Monday, January 24, 2011

Recipe: Pork Stroganoff with Mustard and Yogurt

Pork or Beef. What is this—a Teriyaki joint?

Pavel, you da man.
"Count Pavel Stroganov, a celebrity in turn-of-the-century St. Petersburg, was a noted gourmet as well as a friend of Alexander III. He is frequently credited with creating Beef Stroganoff or having a chef who did so, but in fact a recipe by that name appears in a cookbook published in 1871, well ahead of the heyday of the genial count. In all probability the dish had been in the family for some years and came to more general notice throughout Pavel's love of entertaining."
--Rare Bits: Unusual Origins of Popular Recipes, Patricia Bunning Stevens [Ohio University Press: Athens] 1998 (p.103). 

I can find no reliable documentation on any of the above, and even the particular Count Stroganoff in question is up for interpretation. The more I dug, the murkier the whole affair became. Alexander III dates 1845-1894. Old Pavel at left lived from 1772-1817, so apparently Patricia Bunning Stevens has some explaining to do. Perhaps she doesn't know how to count her "turn-of-the-century" dates. 18th century refers to the 1700s, Patricia.

Another problem, no other source than Larousse Gastronomique notes that several similar dishes were being prepared since the 1700s, and versions are common in nearly all Baltic countries. Stroganoff is essentially a meat, mushrooms and sour cream concoction. The flavourings vary by locality.

 I care not a whit for potentially unreliable publications, or persons unable to ever have met due to the misfortune of not living at the same time. But I do care about food, and Stroganoff is food, so here's my entry into the canon. I have just made this for dinner, and as of typing time, I haven't fell ill. Yet...

1 lb boneless pork loin, cut into wide strips 1/4 inch thick (You could use beef if you must…)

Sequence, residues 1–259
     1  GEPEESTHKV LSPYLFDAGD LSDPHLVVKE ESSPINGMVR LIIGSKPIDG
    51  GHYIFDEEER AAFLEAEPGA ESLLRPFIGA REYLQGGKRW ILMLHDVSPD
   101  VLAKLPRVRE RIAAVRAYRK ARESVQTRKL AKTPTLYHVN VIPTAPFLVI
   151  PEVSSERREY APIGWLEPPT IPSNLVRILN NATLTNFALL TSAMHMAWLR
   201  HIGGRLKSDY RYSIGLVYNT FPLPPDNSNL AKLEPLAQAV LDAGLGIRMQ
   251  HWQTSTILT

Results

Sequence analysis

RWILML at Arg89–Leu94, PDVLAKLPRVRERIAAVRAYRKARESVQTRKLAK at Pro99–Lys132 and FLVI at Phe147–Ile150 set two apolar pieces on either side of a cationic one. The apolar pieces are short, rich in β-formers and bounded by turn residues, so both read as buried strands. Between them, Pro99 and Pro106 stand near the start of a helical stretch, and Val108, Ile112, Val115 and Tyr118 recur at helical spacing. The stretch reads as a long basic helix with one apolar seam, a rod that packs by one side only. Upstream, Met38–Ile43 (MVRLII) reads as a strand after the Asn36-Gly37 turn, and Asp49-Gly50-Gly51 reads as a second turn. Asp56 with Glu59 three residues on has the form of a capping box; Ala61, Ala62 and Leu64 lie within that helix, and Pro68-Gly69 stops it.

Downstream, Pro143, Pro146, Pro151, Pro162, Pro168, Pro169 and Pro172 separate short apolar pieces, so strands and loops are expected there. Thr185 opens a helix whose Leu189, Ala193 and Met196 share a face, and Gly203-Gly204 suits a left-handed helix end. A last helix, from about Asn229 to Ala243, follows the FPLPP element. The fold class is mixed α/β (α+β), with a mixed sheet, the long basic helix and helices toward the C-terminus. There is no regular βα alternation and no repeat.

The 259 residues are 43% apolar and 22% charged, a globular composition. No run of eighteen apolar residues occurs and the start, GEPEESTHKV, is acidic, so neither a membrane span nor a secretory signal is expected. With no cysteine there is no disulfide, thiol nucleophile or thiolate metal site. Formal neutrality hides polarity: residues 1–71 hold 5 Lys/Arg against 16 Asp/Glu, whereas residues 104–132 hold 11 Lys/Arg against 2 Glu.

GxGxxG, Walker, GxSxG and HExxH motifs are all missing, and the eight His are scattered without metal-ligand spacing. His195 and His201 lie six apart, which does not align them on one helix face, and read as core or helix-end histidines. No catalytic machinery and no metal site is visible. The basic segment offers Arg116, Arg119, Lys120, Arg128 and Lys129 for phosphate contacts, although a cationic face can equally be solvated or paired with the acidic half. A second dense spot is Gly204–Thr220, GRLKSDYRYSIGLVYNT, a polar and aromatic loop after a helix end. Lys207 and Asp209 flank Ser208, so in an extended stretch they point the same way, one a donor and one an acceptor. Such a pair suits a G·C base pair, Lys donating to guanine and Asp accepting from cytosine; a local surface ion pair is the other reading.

2 onions, halved and quartered
1 lb Portobello mushrooms, sliced thickly
3 tbsp oil
1/3 cup vermouth
1 tbsp dijon mustard
1 tbsp paprika
1 tsp cardamom, ground
1 tsp thyme, dried
1/2 tsp cayenne pepper
1 tsp salt
2 tsp pepper
1 cup balkan style (thick) plain yogurt
2 tbsp lemon juice

Combine the paprika, cardamom, thyme, cayenne, salt and pepper and set aside. Sauté the strips of pork in a wide saucepan using 2 tbsp of the oil. Sprinkle with 1/2 of the spice mixture and sauté until just cooked through. Remove pork from the pan.

Add the remaining 1 tbsp of oil to the saucepan. Sauté the onions until they begin to soften. Then add the mushrooms and continue to cook. Add more oil if necessary. When they onions and mushrooms come back to heat and fry for a little while, add the vermouth. Cook until onions are softened, the vermouth has evaporated, and the mushrooms have reduced in size and darkened considerably.

Sprinkle the mushrooms with the remaining spice mixture. Add the yogurt and mustard and stir. Add the pork and bring back to heat. Taste and adjust seasonings.

Just before serving squeeze the lemon juice into the pan and mix.

Serve over wide egg noodles.

No comments:

Post a Comment